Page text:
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The Norse Futhark: A Magickal Alphabet

Updated on May 22, 2013

The 24 Runes of the Norse Alphabet

This alphabet gets its name from the 1st 6 letters (top row), F, U, TH, A, R, K.
This alphabet gets its name from the 1st 6 letters (top row), F, U, TH, A, R, K. | Source

From Memorials to Magick, Runes Rule!

The Vikings wrote in runes. These runes. The futhark. Economy & elegance are the earmarks of this simple, useful alphabet whose true origins remain obscured by the mists of time. There are a few prevailing theories.

The Scandinavians swear up & down to this day that Odin, when he was just hanging around learning the Cosmos, got them, infusing them with the Wisdom of Everything, & gave them to his people. Since it's their original ancestral alphabet, I'm surely not going to argue with them!

European historians & scholars seem to think that the futhark is an innovation on an earlier alphabet. Some like the Etruscan alphabet used by a war tribe similar to the Vikings & others like good old Latin. Could be either; could be both. We're not sure, but the mystery of the futhark's origins sure lends to its glamour & makes the whole Odin scenario nearly plausible.

The Norse tribes used runes to honor folks who did great big things in times of war, which was pretty much all the time for those guys, & in times of peace, which was rather rare, if the records are correct. I mean, really, how much peace can you have if you're aiming to keep all your guys in human skull mugs brimming with wine & mead? That's a lot of skull cracking & vineyard acquisition!

The Viking raiders also used runes to denote ownership of everything from swords & shoes to "great tracts of land", to quote Monty Python. A more somber use of runes were epitaphs for everyone, although it looks like the soldiering sort were the first to benefit from this noble Norse cultural practice.

All-out warriors used runes all over their weaponry, as much to decorate as to intimidate the opposition with large & small displays of protective, magickal symbols straight from Odin, Mr. Upsy-Daisy himself.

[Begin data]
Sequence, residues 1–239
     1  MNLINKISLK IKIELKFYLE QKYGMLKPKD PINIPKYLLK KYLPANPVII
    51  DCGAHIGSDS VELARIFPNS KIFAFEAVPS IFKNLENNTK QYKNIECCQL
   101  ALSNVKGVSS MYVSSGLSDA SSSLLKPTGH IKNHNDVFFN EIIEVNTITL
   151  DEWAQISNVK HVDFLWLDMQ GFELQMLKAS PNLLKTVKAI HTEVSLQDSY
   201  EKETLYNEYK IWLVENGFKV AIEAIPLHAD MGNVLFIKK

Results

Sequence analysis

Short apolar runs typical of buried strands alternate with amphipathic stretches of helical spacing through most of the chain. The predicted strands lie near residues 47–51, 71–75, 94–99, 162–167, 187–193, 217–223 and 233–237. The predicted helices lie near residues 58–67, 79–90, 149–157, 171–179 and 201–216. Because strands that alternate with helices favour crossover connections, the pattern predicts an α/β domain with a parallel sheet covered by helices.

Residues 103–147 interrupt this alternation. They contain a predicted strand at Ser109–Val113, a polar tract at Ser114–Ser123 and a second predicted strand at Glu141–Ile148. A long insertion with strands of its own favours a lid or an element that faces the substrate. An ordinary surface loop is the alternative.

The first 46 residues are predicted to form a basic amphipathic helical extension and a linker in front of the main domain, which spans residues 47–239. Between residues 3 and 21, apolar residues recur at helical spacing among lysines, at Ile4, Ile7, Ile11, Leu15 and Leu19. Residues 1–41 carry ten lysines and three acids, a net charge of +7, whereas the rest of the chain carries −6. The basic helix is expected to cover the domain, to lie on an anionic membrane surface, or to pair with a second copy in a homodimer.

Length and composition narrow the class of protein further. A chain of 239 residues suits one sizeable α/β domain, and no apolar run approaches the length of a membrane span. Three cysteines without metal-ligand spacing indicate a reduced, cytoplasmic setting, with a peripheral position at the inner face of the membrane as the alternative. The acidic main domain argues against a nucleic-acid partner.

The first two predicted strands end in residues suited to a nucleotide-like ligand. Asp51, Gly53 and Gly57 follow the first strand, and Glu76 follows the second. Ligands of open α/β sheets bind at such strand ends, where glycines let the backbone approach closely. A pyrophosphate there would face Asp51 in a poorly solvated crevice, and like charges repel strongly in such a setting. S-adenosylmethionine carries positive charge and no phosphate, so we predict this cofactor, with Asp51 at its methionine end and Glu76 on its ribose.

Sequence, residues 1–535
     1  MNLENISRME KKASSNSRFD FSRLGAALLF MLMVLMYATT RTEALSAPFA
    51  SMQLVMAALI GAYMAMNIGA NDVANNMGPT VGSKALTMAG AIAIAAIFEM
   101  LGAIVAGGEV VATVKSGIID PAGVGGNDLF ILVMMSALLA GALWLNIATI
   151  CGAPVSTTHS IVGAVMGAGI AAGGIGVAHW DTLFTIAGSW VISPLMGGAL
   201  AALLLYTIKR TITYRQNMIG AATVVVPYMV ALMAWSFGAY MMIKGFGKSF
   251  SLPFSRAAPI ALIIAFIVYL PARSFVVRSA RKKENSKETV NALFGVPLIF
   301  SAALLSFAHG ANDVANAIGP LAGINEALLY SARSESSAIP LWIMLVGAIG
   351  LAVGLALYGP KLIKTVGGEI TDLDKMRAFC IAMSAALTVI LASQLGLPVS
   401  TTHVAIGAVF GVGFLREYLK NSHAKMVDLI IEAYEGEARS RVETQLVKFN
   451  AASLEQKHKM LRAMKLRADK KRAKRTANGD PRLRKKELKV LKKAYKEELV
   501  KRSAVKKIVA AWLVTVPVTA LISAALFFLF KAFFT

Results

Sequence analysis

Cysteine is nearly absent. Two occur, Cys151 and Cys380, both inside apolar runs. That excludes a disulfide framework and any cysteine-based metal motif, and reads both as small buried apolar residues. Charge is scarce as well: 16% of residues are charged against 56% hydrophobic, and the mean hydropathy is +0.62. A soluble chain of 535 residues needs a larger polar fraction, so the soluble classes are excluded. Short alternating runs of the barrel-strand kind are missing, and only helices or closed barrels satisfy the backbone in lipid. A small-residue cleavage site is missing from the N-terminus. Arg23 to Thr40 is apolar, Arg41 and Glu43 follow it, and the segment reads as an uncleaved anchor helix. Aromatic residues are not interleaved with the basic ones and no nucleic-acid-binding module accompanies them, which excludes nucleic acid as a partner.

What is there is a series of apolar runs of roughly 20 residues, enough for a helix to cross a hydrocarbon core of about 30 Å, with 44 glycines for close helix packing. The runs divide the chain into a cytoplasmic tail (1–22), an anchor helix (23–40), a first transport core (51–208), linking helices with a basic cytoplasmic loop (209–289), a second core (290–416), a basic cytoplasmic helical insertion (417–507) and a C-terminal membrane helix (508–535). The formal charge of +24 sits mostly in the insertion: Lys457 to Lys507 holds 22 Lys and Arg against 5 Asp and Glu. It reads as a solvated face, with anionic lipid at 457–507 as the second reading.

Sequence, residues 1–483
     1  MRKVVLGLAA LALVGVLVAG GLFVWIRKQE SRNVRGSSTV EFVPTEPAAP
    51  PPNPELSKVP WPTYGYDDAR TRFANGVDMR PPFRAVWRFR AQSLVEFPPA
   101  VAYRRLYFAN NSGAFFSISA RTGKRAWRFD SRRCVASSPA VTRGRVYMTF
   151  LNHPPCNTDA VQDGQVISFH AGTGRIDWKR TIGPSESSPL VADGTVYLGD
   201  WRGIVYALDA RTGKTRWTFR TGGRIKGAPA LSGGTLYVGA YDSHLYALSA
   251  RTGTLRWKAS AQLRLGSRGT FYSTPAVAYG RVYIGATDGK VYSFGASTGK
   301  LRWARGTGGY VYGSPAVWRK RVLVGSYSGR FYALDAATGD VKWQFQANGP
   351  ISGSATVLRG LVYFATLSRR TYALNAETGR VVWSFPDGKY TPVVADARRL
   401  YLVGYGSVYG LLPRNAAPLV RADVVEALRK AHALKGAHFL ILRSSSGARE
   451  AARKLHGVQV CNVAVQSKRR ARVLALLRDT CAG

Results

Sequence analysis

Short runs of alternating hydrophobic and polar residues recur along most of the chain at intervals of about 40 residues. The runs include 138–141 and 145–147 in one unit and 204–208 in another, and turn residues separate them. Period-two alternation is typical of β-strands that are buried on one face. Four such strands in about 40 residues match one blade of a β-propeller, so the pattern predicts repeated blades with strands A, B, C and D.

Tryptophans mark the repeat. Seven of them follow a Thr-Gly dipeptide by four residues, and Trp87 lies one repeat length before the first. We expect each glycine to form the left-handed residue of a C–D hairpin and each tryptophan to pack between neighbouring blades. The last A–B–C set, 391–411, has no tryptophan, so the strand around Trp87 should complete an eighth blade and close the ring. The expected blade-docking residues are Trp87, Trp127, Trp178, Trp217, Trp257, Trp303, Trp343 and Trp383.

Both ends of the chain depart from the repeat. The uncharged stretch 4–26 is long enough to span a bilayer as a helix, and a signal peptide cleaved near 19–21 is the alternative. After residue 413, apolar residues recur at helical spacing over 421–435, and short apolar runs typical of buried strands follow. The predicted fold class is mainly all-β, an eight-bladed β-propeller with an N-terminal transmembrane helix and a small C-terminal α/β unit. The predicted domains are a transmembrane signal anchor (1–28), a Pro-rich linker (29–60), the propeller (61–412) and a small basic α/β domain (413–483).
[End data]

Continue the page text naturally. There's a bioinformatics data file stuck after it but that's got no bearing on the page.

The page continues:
As the Vikings travelled, pillaged, dominated, & infiltrated various cultures all over Europe, the communities in which they waged war & settled began to see the benefits of runes. Those symbols must have some power, since those marauding Norse beat the pants off their own folks, along with everybody in a 100-mile radius. Besides, the futhark is a truly economical, elegant way to engrave, memorialize, & infuse daily communication with a little stylish magick.

To this day, all through Europe you can see runes on Christian & pagan gravestones alike wherever the Norse rubbed shoulders & knocked heads with folks from every possible path & tradition.

Very quickly, witches & educated folks saw the many benefits of the runic alphabet from The North, especially once the neighbors decided that knowing stuff was dangerous & started extending invitations to bonfires & barbecues that one simply could not refuse. Literally.

For witches in particular, the futhark offered great protection for grimoires, family naturopathic recipes, spells, one's Book of Shadows, & the household codex or omnipedia. Individual runes were often used as mnemonic visual cues for witches, while on their healing rounds or collecting herbs or making tinctures & the like. Given the inflamed (ahem) atmosphere in Europe during The Burning Times, witches really needed to exercise caution, committing everything to memory. Simple, elegant visual cues like runes were terrific keys to each witch's Mind Palace, unlocking decades, if not centuries, of knowledge with just a few clean, straight lines.